Thursday, February 8, 2007

Of Mice and Man

I have a mouse problem at my house. Our home is new, in a newly developed "pasture" and surrounded by several empty lots and the remains of the pasture just a block away. I don't even think we can be Map Quested yet! At any rate, we've been in our house since April and love our home, our neighborhood, all things are great. In may, as I was ironing one morning I saw the first sign of "company" as a tiny little mouse scurried from our laundry room into the kitchen to hide in some minuscule place. I was going to have no part of that and set out to rid the house of the mouse.
Our mouse friend(s) love the trash can and the pantry area and seem to frequent those places more than any other. I hate my trash can, hate it with a purple passion. I bought it because it was a stainless steel step can and looked cool in the kitchen. It is horrible. When I rule the world the manufacturer and designers of said trash can will pay--handsomely for the misery this trash can has brought upon my life. This trash can has a hollow bottom, just perfect for the vermin to dine freely on whatever they please. There must be some kind of party going on because there is more "debris" under that can than New York on January 1st.
After researching proper mouse catching and hoping that out there in cyberspace would be some "i-robot" with a built in laser that could eradicate the vermin for me. Plausable, afterall if a robot could vacuum a house, why could it not then blast vermin to dust and vacuum up the remains? No such device existed. I resorted to the "fancy" trap with the cheese-like trap on it. Turns our mice like peanut butter much more than cheese--at least my mice. So I have successfully managed to hunt, trap, and murder several of those vermin--10 in all. My Dad tells me I may never get away from the little pests. I think he might be right.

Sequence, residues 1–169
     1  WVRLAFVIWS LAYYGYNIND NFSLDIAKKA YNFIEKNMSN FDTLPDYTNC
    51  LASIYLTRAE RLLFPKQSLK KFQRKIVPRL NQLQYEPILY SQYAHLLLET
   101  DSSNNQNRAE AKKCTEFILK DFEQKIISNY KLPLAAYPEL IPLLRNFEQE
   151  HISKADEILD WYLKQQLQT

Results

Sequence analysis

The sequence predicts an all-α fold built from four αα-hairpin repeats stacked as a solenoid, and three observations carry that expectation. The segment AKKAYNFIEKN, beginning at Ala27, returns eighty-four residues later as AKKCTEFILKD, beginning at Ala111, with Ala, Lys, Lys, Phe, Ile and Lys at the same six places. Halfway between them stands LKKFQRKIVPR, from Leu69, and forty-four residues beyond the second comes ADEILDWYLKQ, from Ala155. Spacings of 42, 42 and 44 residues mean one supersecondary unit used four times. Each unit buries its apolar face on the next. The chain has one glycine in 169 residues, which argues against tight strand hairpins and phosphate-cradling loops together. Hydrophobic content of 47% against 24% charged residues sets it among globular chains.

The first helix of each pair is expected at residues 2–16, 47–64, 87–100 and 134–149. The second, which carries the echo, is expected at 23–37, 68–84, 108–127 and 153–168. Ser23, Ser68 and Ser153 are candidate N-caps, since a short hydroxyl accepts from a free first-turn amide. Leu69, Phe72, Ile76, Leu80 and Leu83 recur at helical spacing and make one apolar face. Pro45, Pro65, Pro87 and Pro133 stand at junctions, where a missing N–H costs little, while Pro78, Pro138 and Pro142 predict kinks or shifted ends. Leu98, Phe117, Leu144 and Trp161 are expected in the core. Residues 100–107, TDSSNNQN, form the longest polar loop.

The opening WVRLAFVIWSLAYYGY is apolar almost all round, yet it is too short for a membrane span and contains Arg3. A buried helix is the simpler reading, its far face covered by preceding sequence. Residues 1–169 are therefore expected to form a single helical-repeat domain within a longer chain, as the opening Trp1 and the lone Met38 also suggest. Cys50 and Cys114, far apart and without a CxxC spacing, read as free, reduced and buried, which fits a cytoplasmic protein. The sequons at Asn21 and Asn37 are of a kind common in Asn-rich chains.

Each morning as I rise and face the day I head straight to the trapping zones in hopes of catching those blasted vermin. I get some kind of joy in knowing that I have managed to protect my family from such disgusting0-all be it cute--creatures. A week or two will go buy and I will have to again launch an attack on ridding my home of the unwanted guests.
I had an episode in which I almost hung up my mouse hunting tools. This episode was just about too much for me to tolerate. I had set out two traps and hoped for the best when I rose the next morning. Much to my surprise I had murdered not one, but two pesky vermin. No doubt head strong obnoxious brothers out for a night of gluttony and partying. One brother succumbed to the trap in the trash-a fatal neck injury with no hope of survival. The other brother, not so lucky. As it would turn out I would not be so lucky that morning either.
This brother had made his way to the pantry to loot and pillage our Doritos (they really like Doritos). This brother was inescapably attracted to the peanut butter like some photophyllic bug flying into his death. What was so tragic is the type of injury sustained--not a neck injury. It was a very painful hip injury--he was still alive. I was really in a quandary over the proper way to dispose of the little marauder. I did give him a lecture about how he should not have been so bold as to come into my house and attempt to eat my Doritos--they were MINE and He was NOT invited to dine with us. Incidentally, the Doritos became the property of the mouse once we discovered the evidence of his feasting. I quickly tried to run through my options: stomping, smashing, throwing away...what would be the best? He is clearly going to die and was knocking on the door of death anyway--I just needed to make his journey to the boatman quicker. I finally decided to suffocate him. I placed him in a Ziploc baggie and sealed it up. Threw him to his brother in the trash can I hate and tried to wipe my memory of the incident. I can only imagine what was said, " Mom-God rest her soul-was me a place bro."